New Chief of Prisons and Probation

Russell Webster profiles Dr Jo Farrar, the new Chief Executive of HMPPS

Last week, the Ministry of Justice announced earlier the appointment of Dr Jo Farrar as the next Chief Executive of Her Majesty’s Prison and Probation Service; she will take over from the long-standing current post-holder Michael Spurr on 1st April.

The official press release summarises Dr Farrar’s career going back to her time in the parole unit in 1987. She spent 16 years in central government working in the Home Office and Cabinet Office. She has extensive experience as a Chief Executive in local government a post she has held at both Bridgend County Borough Council and Bath and North-East Somerset Council. She was made an OBE in the New Year’s Honours in 2016.

During this time, her principal task would have been to have find ways in which the councils were able to deliver as many services as possible with less money to do so every year which will certainly suit her for life at the MoJ.

She returned to Central Government in August 2016 where she became Director General of the Department for Communities and Local Government.

Sir Richard Heaton, Permanent Secretary at the MoJ, welcomed her appointment, although those working in prisons and probation might think his “cautious optimism” assessment of the current situation in our prison and probation systems is a little disconnected from the day-to-day realities:

“Jo’s record of getting difficult things done in the public service made her an outstanding candidate for this job. She will provide energy, focus and humane leadership as HMPPS emerges from several challenging years. It is a tribute to Michael Spurr’s determination and skill, as well as to the hard work of so many colleagues across HMPPS, that Jo will arrive at a time of cautious optimism for this incredibly important service. I look forward to working closely with her as we consolidate and accelerate this progress.”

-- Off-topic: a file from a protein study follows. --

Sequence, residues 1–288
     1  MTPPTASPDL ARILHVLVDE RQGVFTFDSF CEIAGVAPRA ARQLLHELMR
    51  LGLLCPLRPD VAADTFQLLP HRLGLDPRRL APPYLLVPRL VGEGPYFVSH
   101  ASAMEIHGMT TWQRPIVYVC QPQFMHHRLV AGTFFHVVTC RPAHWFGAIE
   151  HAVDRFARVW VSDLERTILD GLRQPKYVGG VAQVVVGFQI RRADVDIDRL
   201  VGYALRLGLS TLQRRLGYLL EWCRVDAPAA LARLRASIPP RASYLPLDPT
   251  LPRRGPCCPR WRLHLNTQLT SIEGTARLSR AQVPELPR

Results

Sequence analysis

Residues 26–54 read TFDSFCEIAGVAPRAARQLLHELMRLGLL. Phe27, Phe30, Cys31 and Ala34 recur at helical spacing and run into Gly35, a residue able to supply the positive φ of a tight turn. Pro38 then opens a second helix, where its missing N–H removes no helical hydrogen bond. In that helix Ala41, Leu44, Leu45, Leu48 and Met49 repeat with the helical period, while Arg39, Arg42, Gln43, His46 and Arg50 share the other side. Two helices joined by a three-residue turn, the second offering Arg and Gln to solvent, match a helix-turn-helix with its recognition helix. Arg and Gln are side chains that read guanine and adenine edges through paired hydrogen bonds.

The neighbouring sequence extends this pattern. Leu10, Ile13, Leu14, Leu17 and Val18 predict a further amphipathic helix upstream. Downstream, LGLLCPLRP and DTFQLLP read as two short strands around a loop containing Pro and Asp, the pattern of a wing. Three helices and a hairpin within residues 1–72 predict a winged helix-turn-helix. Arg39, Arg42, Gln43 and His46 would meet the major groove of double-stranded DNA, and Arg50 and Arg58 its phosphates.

The press release also includes Dr Farrar’s “acceptance speech”:

“I am hugely honoured by the opportunity to lead HMPPS at such an important time. It is a service that is critical to protecting the public and helping people turn their lives around. Early in my career, my work in prisons and probation gave me a lasting commitment to public service and a passion to make a difference. I am delighted to return.

The issues we face in our prisons, and the need to put vital probation services onto a strong footing, are well known. Working alongside the dedicated people in all parts of HMPPS, I look forward to addressing these challenges and delivering improvement over the years to come as we create an outstanding service of which we can all be proud.”

Michael Spurr had plenty of, often vocal critics. Nonethless, he was highly respected by a large number of people in the prison and probation services and most attribute the current crises to political decisions and austerity rather than his failings as a leader.

We shall have to wait and see how both services fare under the leadership of Dr Farrar.